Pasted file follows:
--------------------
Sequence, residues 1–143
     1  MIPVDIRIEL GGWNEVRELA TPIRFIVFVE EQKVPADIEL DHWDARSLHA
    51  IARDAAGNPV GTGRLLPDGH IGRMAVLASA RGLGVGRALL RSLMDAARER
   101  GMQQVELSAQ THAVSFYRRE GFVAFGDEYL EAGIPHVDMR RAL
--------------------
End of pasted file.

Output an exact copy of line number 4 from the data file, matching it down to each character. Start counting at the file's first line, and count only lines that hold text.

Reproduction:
   101  GMQQVELSAQ THAVSFYRRE GFVAFGDEYL EAGIPHVDMR RAL